Ganesh Prasad Singh is a member of the 14th Lok Sabha of India. He represented the Jahanabad constituency of Bihar, he has supported the view that voluntary repatriation of refugees is the best and most durable solution in the case of Afghan refugees. He was born to Ram Briksh Rampati Devi in Masaurhi village of Patna district, he is married to Shyampeyari Devi. He passed matriculation in year 1962 from SMGK High School, Patna, he got BA degree from B. N College and thereafter got degree of M. A and B. Ed from Patna University, he became an advocate and he started legal practice in Patna District court as well in Patna High Court. He got elected from Masaurhi Assembly Constituency as an MLA in the year 1980 for the first time. In the second term again he got elected from Masaurhi Assembly Constituency in the year 1995, he got nominated as a chairman of petition committee in the same year. In 1998, he was nominated as a chairman of Bihar State Khadi Gramudyog Board, Patna and in the tenure of chairman of Khadi Gramudyog board, he twice got elected as the director of Bihar state financial corporation.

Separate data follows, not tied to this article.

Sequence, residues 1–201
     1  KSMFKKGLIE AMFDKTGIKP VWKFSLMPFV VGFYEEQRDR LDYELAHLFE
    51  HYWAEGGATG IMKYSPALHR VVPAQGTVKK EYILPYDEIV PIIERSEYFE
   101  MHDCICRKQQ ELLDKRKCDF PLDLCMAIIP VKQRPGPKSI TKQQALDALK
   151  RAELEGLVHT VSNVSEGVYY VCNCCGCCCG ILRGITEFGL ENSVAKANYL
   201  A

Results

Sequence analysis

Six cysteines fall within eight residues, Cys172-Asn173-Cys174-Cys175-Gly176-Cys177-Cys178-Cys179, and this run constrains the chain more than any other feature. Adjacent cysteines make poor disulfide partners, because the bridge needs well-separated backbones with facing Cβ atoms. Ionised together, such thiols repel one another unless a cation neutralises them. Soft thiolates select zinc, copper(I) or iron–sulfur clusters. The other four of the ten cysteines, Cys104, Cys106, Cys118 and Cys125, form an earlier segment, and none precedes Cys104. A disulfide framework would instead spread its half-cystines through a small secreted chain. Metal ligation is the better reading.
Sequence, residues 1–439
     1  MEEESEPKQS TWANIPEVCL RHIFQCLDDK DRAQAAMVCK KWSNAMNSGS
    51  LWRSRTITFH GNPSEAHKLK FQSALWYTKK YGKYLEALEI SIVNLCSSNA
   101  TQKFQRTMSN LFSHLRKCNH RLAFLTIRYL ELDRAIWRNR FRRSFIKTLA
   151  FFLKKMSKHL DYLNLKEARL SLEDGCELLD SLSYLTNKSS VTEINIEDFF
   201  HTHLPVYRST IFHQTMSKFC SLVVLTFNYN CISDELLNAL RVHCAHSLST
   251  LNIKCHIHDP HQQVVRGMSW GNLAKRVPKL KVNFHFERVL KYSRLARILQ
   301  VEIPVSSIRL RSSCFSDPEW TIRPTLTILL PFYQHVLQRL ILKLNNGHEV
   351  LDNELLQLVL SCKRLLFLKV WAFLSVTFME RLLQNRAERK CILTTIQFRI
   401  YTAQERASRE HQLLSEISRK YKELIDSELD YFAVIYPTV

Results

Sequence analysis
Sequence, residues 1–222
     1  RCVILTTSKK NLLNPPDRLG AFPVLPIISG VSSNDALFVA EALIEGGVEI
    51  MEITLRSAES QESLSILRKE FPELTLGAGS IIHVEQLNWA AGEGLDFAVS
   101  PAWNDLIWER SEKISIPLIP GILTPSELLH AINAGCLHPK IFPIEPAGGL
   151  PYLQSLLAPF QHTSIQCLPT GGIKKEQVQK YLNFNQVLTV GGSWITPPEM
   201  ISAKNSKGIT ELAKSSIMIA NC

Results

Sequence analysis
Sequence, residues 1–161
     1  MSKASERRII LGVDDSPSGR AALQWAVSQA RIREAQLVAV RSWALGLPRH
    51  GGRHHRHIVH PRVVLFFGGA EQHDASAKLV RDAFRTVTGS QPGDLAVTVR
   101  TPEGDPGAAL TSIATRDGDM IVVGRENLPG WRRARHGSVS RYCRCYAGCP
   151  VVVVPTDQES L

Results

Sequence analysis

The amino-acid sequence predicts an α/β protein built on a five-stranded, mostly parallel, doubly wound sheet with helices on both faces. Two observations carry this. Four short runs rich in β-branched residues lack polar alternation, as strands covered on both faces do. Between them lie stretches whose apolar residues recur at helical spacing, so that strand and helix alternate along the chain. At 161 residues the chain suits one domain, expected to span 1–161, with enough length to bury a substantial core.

In the year 2004, he got elected as MP from Jahanabad parliamentary constituency. He has immense interest in serving the needy people, he has established a high school in his village Masaurhi. In 2005, he visited United States to participate in 60th UN Assembly conference and delivered a lecture on effects of international law and international law of rehabilitation of its implements. Home Page on the Parliament of India's Website
The Terra di Bari, in antiquity Peucetia and in the Middle Ages Ager Barianus, is the region around Bari in Apulia. It was one of the justiciarships of the Kingdom of Sicily and Naples, it became a province in the Two Sicilies. Today it is a part of the Province of Bari in Italy. Since 2005, according to the municipal government of Bari, it refers to the metropolitan area of the city and is trademarked for touristic purposes. To the north of the Terra is the Capitanate and to the south the Terra d'Otranto, it is the only plain between the Murgia and the Adriatic and comprises the littoral, centred on Bari, between the river Ofanto and the city of Fasano. The ancient name "Peucetia" is derived from the Peuceti. Matthew, Donald; the Norman Kingdom of Sicily. Cambridge: Cambridge University Press